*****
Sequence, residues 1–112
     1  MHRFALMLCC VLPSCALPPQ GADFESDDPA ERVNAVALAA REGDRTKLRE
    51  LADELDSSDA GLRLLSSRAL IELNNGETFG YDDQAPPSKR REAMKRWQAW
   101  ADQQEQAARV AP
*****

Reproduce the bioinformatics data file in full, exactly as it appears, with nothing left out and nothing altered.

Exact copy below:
Sequence, residues 1–112
     1  MHRFALMLCC VLPSCALPPQ GADFESDDPA ERVNAVALAA REGDRTKLRE
    51  LADELDSSDA GLRLLSSRAL IELNNGETFG YDDQAPPSKR REAMKRWQAW
   101  ADQQEQAARV AP